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"His [Kurtz’s] name, you understand, had not been pronounced once. He was 'that man.'" (2.2)
The manager and his uncle refuse to pronounce Kurtz’s name, perhaps in a gesture of awe and fear-inspired respect or simply because they do not want any eavesdroppers (like Marlow) to know whom they are talking about.
"'It is unpleasant,' grunted the uncle. 'He has asked the Administration to be sent there,' said the other, 'with the idea of showing what he could do; and I was instructed accordingly. Look at the influence that man must have. Is it not frightful?'" (2.1)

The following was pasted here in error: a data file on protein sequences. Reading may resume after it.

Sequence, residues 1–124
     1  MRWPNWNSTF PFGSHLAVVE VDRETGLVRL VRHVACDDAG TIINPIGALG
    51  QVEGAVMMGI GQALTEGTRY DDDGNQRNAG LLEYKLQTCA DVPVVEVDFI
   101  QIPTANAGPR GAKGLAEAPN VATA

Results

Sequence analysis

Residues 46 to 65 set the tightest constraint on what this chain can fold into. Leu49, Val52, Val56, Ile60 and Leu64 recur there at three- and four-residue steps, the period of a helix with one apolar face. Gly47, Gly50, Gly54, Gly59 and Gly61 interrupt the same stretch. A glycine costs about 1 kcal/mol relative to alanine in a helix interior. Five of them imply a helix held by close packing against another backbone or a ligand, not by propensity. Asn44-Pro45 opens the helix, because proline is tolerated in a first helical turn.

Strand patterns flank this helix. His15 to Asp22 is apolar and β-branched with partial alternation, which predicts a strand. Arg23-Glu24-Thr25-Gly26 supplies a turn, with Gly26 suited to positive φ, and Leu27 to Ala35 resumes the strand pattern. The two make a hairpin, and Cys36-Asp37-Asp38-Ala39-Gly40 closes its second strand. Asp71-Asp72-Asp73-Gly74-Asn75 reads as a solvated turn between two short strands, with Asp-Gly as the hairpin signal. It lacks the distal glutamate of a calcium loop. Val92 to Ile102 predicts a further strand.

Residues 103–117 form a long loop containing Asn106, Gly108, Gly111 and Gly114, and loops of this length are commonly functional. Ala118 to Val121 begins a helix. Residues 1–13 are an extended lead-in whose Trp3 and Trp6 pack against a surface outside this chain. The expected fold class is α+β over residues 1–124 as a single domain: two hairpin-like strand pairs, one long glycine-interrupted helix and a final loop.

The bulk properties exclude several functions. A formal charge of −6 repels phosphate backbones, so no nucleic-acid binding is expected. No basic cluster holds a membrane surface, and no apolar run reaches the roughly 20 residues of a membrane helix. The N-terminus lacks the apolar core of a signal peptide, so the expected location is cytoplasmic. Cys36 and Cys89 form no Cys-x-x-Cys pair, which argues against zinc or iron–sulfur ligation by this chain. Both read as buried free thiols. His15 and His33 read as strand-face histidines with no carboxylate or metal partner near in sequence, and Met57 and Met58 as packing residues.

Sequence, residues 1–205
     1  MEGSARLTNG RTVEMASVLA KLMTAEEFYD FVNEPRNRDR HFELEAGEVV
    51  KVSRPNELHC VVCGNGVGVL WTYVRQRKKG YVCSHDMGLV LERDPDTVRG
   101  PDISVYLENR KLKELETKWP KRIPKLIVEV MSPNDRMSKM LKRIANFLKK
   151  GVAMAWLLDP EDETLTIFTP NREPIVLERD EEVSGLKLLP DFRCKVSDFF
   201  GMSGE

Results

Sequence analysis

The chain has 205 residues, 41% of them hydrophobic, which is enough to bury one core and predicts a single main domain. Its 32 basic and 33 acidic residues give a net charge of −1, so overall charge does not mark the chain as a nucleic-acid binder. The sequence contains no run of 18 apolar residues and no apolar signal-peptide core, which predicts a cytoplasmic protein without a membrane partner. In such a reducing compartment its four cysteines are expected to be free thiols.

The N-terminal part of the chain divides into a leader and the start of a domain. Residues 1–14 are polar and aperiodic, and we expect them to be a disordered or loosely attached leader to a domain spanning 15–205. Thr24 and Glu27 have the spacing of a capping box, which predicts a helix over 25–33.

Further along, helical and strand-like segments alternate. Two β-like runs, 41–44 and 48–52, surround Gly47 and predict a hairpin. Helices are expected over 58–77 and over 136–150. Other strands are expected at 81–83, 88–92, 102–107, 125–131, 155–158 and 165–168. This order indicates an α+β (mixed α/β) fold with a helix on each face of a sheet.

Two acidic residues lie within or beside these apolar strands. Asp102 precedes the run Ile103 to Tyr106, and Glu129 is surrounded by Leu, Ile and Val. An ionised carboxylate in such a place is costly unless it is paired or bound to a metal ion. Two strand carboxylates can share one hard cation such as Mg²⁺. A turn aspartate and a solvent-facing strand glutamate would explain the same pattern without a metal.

The manager and his uncle fear Kurtz for his ability to survive in the interior; therefore, they fear having to survive the interior themselves.
"They swore aloud together – out of sheer fright, I believe – then pretending not to know anything of my existence, turned back to the station." (2.3)
The manager and his uncle exemplify the constant fear induced by the wilderness.